We are grateful to Krystal Guillory, Kristen Sims, and Martin Pardue for accompanying the students and for working tirelessly to promote true and lasting Braille literacy in their districts. So, yes indeed, Braille Rocks in 2016!

Picture shows a split screen. On the left: Lindsay leads Passion in find the girls' hotel room. On the right: Jordan uses his O&M skills to locate the elevator. 

Picture shows a split screen. On the left: Lindsay leads Passion in find the girls' hotel room. On the right: Jordan uses his O&M skills to locate the elevator. 

Retired Nurse Lives the Life She Wants

Please visit the link below to watch a news story about Ms. Dorothy Robinson--a proud 2014 LCB graduate. Ms. Robinson's willingness to make her voice heard on behalf of the blind is testament to her tireless dedication to others. Though technically retired, she has worked the past two summers as a counselor in our STEP Program, is drafting a book, and launching a motivational speaking tour. Ms. Robinson is indeed living the life she wants and changing what it means to be blind for herself and those she meets!

A Journey to Run Again

We are happy to share this story from an LCB Alumnus.

 Posted by: Pacers Staff

Hi, I’m Evelyn!

I am a blind distance runner from Alexandria, VA. Other than running, I also enjoy skiing, boxing, and many other outdoor recreational activities. I ran in high school as a sighted runner, but as I went blind I did not think that I would be able to run again.

Recently, after moving to the area about 2 years ago, I injured my ankle badly and it put a major dent in my confidence. My walking speed slowed and I became hesitant getting around. But, in February, I was introduced to a Personal Fitness Trainer at work, and he told me that he would help me get back on my feet and running again. This is when my journey begins.

I would consider myself a disciplined and committed individual to staying fit and building a stronger “Evelyn”. Since I am an active participant in my life, I consistently renew the pact that I have with myself.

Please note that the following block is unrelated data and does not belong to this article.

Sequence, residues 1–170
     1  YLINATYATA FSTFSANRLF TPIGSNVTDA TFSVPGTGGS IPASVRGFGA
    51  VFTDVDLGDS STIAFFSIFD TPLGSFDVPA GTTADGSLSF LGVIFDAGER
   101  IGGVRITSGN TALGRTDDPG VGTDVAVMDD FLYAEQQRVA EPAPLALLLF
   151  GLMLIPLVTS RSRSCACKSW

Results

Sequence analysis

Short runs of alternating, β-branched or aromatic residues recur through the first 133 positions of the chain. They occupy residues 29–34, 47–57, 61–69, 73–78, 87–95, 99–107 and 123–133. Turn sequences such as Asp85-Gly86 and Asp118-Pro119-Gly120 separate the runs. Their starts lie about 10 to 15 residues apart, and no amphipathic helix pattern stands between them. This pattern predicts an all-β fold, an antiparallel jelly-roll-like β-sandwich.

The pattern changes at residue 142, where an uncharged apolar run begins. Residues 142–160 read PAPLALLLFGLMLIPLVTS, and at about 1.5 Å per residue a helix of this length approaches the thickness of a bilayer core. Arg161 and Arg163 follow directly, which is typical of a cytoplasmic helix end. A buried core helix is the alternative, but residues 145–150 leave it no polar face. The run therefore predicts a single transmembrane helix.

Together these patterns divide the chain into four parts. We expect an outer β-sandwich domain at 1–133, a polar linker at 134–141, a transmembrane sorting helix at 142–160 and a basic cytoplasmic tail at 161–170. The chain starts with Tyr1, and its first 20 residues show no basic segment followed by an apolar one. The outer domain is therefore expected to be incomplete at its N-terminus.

My Personal Fitness Trainer introduced me to tethers and the treadmill, and eventually we decided to step it up a notch and start running outdoors. Now, running allows me to feel so free and reassures me with a “sitting on top of the world” feeling!

After running for a few months, my Trainer and I registered for the Marine Corps Marathon 10k race as a short term goal and stepping stone for other races. With the momentum that I had built, this MCM 10k event became the sealing deal for me– running is what I want to do! I want to add a special shout-out and thank you to Joy Allen from the Pacers Fairfax location. She welcomed me to the Pacers community with open arms and I couldn’t be happier!

Finally, the day had come! October 25, 2015, I was up and ready in the early hours of the day. With a guide alongside me, I was putting myself to the test. The crowd and participants were lively and ready! We didn’t let the slight drizzle and overcast skies slow us down on race day. The crowds along the 10k course were loud and supportive. With shout outs like “Go Champ!”, and “Keep it up Girl!” …. I got the “running bug”!

With the race in my rearview mirror, I am looking forward to doing many more races at various distances in the near future. Thus far I have already signed myself up for the Shamrock Half-marathon and the Divas 5k Runlater this year.

I would like to leave you off with this one thought: you need to just take the first step and commit yourself to doing something. I give it my all. If I can do it, then you can too– ”if you don’t feel uncomfortable, then there is no challenge!”

By Evelyn Valdez

Evelyn and her trainer running in the Marathon.  

Evelyn and her trainer running in the Marathon.  


Please read our annual LCB holiday message below including descriptions of the 10 photos found on this year’s card.

Picture shows the 2016 LCB Christmas card

Picture shows the 2016 LCB Christmas card

Message on the card: HAPPY HOLIDAYS! Wishing you a joyous holiday season and health, joy, and peace throughout the New Year! The LCB family

Photos from the card (Top left corner and going clockwise):

1. The Center’s Winter Wonderland

2. Swinging on the giant swing in Tennessee

3. Students at the Riverwalk in New Orleans during Mardi Gras

4. The catwalk to the zip line at Horseshoe Canyon Ranch

5. Rafting on the Ocoee

6. Picking out this year’s Charlie Brown Christmas tree

7. The Center’s Thanksgiving buffet line

8. Horseback riding at the ranch

9. Students with Mardi Gras headdresses

10. Three rock climbers headed up the bluffs

Struttin' Our Socially Savvy Stuff!